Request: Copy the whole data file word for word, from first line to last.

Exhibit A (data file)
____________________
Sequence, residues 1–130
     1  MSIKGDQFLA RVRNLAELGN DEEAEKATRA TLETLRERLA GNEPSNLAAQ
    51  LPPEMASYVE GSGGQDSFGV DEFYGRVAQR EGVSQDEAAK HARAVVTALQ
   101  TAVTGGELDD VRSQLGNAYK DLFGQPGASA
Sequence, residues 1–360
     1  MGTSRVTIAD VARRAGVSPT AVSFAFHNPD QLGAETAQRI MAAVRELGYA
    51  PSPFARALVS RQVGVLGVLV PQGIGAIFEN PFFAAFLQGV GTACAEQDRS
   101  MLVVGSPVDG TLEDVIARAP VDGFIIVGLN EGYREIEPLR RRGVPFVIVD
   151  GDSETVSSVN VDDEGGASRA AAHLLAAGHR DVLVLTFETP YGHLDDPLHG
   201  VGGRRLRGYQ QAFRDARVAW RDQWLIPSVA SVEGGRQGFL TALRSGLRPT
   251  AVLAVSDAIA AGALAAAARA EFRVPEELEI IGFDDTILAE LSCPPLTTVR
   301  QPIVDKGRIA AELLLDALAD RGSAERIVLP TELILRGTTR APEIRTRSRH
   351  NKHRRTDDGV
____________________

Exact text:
Sequence, residues 1–130
     1  MSIKGDQFLA RVRNLAELGN DEEAEKATRA TLETLRERLA GNEPSNLAAQ
    51  LPPEMASYVE GSGGQDSFGV DEFYGRVAQR EGVSQDEAAK HARAVVTALQ
   101  TAVTGGELDD VRSQLGNAYK DLFGQPGASA
Sequence, residues 1–360
     1  MGTSRVTIAD VARRAGVSPT AVSFAFHNPD QLGAETAQRI MAAVRELGYA
    51  PSPFARALVS RQVGVLGVLV PQGIGAIFEN PFFAAFLQGV GTACAEQDRS
   101  MLVVGSPVDG TLEDVIARAP VDGFIIVGLN EGYREIEPLR RRGVPFVIVD
   151  GDSETVSSVN VDDEGGASRA AAHLLAAGHR DVLVLTFETP YGHLDDPLHG
   201  VGGRRLRGYQ QAFRDARVAW RDQWLIPSVA SVEGGRQGFL TALRSGLRPT
   251  AVLAVSDAIA AGALAAAARA EFRVPEELEI IGFDDTILAE LSCPPLTTVR
   301  QPIVDKGRIA AELLLDALAD RGSAERIVLP TELILRGTTR APEIRTRSRH
   351  NKHRRTDDGV